Road Mending

The picture in this week’s post is of Town Lane, Charlesworth, sometime in the early twentieth century. It’s certainly dates before the First World War, as the war memorial hasn’t been built yet. 

The View up Town Lane, Charlesworth, with roadworks in progress. The second cottage up on the right hand side was our family home for the best part of a century.

Town Lane is a very familiar sight to me. The second cottage from the bottom on the right hand side, number 12, was the home of both my great grandfather and grandfather and it was where my dad was born. Fernley’s were certainly living there by the 1890’s, and I suspect much earlier than that.

But this isn’t where the family interest in this picture ends.  On the back of the picture, in my grandfather’s neat writing, are pencilled ‘EF’ and ‘Mr Fernley’.  For most of his working life, my Great Grandfather, Edward Fernley, was a coal miner. But on the 1911 Census he is listed as  a ‘road man’.  So, I’m guessing that the EF in the photograph is him.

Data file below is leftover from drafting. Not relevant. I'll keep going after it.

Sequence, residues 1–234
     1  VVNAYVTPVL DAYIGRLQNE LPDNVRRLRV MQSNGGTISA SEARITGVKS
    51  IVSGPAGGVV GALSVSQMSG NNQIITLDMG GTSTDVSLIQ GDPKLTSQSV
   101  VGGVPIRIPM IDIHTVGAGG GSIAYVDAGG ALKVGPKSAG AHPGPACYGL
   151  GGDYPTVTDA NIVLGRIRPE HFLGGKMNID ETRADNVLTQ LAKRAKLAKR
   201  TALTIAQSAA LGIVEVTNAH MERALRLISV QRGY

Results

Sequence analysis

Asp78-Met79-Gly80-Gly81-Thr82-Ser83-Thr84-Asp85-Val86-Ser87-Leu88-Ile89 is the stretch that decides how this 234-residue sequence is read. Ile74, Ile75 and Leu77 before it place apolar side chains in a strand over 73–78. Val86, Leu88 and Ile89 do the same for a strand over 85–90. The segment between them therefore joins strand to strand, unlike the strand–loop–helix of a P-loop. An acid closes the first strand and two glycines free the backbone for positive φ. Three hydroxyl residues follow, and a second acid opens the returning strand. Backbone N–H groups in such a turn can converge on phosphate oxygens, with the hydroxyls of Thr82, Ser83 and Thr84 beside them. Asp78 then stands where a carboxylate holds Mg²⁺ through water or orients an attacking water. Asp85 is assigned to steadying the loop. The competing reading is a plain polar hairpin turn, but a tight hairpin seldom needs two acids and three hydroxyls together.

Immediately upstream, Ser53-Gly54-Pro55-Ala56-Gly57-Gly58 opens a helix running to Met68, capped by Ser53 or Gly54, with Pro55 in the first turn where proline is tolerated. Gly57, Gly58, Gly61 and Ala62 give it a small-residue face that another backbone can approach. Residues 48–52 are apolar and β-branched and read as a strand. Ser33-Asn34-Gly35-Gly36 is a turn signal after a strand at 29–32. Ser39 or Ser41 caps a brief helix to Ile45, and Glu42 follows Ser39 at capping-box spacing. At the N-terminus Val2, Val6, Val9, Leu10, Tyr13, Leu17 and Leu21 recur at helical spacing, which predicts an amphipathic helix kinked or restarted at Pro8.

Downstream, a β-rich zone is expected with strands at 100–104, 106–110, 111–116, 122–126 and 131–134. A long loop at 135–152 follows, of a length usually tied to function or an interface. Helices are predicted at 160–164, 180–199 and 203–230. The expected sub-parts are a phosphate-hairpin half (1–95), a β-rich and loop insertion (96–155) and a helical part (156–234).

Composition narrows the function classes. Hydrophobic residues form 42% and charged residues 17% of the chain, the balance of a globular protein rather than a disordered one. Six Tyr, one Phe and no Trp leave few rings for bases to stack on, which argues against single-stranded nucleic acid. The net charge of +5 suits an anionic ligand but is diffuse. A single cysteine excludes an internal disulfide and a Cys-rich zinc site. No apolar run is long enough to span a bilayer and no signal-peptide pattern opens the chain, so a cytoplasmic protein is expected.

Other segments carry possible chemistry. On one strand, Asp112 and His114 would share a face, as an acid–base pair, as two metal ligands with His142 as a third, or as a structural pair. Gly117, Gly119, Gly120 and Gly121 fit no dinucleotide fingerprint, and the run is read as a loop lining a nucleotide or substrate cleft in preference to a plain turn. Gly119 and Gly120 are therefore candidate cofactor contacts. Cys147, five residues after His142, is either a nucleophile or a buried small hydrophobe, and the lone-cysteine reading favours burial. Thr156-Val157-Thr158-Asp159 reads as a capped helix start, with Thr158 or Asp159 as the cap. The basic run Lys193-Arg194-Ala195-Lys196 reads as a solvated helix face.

But which man?

Edward Fernley was born in 1839, so he’d have been an old man by the time this photograph was taken. I think the best candidate, based on age and looks, is the figure on the far left of the picture. 

There’s definitely a touch of the Fernley’s about this man. My great-grandfather, Edward Fernley snr.

I’ve quite a few photographs of the Fernley side of the family in the early twentieth century, but they’re mostly formal studio pictures. Even though this one is posed, it’s fascinating to see my great grandfather at work.

Glimpses of the past like this one make studying family history worthwhile.

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